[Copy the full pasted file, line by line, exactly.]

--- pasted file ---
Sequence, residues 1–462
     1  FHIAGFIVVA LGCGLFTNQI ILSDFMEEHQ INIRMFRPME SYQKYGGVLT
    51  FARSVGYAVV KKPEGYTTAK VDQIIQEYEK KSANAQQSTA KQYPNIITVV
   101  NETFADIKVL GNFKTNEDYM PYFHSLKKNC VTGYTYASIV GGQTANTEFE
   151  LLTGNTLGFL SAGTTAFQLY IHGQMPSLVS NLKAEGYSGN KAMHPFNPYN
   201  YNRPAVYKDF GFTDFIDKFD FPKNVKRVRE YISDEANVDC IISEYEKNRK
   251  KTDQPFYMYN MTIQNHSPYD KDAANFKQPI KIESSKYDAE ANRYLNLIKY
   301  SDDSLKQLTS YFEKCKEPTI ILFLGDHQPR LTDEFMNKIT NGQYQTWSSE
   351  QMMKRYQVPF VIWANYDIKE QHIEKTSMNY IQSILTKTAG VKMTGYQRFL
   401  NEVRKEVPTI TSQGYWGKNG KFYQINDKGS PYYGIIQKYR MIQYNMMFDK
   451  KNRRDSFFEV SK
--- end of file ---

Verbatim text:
Sequence, residues 1–462
     1  FHIAGFIVVA LGCGLFTNQI ILSDFMEEHQ INIRMFRPME SYQKYGGVLT
    51  FARSVGYAVV KKPEGYTTAK VDQIIQEYEK KSANAQQSTA KQYPNIITVV
   101  NETFADIKVL GNFKTNEDYM PYFHSLKKNC VTGYTYASIV GGQTANTEFE
   151  LLTGNTLGFL SAGTTAFQLY IHGQMPSLVS NLKAEGYSGN KAMHPFNPYN
   201  YNRPAVYKDF GFTDFIDKFD FPKNVKRVRE YISDEANVDC IISEYEKNRK
   251  KTDQPFYMYN MTIQNHSPYD KDAANFKQPI KIESSKYDAE ANRYLNLIKY
   301  SDDSLKQLTS YFEKCKEPTI ILFLGDHQPR LTDEFMNKIT NGQYQTWSSE
   351  QMMKRYQVPF VIWANYDIKE QHIEKTSMNY IQSILTKTAG VKMTGYQRFL
   401  NEVRKEVPTI TSQGYWGKNG KFYQINDKGS PYYGIIQKYR MIQYNMMFDK
   451  KNRRDSFFEV SK